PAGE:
12. Manuela Chiavarini & Francesco Bartolucci & Alessio Gili & Luca Pieroni & Liliana Minelli, 2012. "Effects of individual and social factors on preterm birth and low birth weight: empirical evidence from regional data in Italy," International Journal of Public Health, Springer;Swiss School of Public Health (SSPH+), vol. 57(2), pages 261-268, April.
  13. Hildebrandt, Nicole & McKenzie, David, 2005. "The effects of migration on child health in Mexico," Policy Research Working Paper Series 3573, The World Bank.
  14. Michael Lechner, 2002. "Program Heterogeneity And Propensity Score Matching: An Application To The Evaluation Of Active Labor Market Policies," The Review of Economics and Statistics, MIT Press, vol. 84(2), pages 205-220, May.
  15. Bacci, Silvia & Bartolucci, Francesco & Pieroni, Luca, 2012. "A causal analysis of mother’s education on birth inequalities," MPRA Paper 38754, University Library of Munich, Germany.
Full references (including those not matched with items on IDEAS)

This item is not listed on Wikipedia, on a reading list or among the top items on IDEAS.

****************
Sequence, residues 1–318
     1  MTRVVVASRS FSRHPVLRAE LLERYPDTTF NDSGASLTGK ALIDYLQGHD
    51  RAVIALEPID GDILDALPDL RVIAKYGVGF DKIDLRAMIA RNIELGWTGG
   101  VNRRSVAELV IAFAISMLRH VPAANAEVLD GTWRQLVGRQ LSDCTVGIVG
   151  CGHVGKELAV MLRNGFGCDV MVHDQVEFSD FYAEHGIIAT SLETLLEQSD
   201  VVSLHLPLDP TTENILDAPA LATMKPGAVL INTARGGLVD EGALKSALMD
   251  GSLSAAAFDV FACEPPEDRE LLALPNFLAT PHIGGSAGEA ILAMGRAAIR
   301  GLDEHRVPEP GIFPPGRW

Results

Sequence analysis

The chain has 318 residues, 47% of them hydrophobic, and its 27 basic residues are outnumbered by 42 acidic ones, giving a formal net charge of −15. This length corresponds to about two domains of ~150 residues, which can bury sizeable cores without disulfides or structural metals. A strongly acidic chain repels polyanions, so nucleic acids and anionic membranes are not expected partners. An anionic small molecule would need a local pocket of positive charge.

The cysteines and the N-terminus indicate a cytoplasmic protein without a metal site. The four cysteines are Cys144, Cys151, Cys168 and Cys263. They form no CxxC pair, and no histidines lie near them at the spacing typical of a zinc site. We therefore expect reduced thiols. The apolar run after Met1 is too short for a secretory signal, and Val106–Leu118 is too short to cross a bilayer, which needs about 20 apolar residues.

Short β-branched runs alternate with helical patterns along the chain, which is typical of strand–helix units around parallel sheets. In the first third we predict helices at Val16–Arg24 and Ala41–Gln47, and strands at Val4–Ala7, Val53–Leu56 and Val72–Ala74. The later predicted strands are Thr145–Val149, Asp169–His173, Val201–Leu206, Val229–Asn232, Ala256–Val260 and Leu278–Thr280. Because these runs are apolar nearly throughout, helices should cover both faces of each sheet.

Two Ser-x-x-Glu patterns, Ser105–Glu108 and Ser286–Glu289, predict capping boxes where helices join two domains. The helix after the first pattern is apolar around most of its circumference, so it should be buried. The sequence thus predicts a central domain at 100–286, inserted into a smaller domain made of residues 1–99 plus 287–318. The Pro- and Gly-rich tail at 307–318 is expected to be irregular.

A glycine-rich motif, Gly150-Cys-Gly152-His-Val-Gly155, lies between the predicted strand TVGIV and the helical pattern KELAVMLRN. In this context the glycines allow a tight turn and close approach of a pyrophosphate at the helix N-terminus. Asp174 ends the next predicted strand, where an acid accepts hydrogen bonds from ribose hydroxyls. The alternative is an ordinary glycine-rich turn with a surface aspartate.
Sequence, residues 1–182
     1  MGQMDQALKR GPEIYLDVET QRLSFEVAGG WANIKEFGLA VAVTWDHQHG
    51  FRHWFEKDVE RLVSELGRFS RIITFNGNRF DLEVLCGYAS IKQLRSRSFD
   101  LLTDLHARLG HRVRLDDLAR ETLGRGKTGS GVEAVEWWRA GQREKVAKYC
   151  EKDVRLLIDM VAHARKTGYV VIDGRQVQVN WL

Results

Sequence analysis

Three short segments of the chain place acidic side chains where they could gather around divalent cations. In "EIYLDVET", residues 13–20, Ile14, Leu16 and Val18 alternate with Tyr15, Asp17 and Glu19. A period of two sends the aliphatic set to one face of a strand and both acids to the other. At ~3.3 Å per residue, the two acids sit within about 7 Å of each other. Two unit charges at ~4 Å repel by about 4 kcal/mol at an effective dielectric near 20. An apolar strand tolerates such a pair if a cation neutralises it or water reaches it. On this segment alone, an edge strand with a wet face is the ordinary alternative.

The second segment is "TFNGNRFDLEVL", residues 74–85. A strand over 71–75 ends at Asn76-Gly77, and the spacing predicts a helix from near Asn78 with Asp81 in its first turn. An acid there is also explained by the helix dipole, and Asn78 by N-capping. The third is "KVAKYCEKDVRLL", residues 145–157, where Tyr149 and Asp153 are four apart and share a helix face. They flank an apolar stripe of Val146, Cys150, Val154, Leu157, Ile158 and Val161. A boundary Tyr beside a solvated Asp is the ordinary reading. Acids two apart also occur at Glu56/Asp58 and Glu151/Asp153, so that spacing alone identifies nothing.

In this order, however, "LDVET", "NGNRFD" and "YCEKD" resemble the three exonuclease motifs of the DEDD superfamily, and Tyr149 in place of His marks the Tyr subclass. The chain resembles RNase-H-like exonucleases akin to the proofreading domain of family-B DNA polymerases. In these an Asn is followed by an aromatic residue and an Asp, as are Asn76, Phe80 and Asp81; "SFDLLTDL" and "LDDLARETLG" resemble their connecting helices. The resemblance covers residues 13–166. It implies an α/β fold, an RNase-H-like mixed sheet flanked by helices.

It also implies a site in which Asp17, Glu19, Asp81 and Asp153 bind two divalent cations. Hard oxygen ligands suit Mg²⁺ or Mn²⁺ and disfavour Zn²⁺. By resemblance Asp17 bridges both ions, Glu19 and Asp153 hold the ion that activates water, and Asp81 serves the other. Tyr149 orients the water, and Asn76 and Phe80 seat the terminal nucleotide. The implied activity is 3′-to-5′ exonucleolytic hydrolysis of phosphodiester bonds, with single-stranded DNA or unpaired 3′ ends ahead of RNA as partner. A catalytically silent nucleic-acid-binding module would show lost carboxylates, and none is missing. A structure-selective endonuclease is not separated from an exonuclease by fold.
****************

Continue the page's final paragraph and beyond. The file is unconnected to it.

When requesting a correction, please mention this item's handle: RePEc:pra:mprapa:50368. See general information about how to correct material in RePEc.

For technical questions regarding this item, or to correct its authors, title, abstract, bibliographic or download information, contact: (Joachim Winter)

If you have authored this item and are not yet registered with RePEc, we encourage you to do it here. This allows to link your profile to this item. It also allows you to accept potential citations to this item that we are uncertain about.

If references are entirely missing, you can add them using this form.

If the full references list an item that is present in RePEc, but the system did not link to it, you can help with this form.

If you know of missing items citing this one, you can help us creating those links by adding the relevant references in the same way as above, for each refering item. If you are a registered author of this item, you may also want to check the "citations" tab in your profile, as there may be some citations waiting for confirmation.

Please note that corrections may take a couple of weeks to filter through the various RePEc services.

This information is provided to you by IDEAS at the Research Division of the Federal Reserve Bank of St. Louis using RePEc data.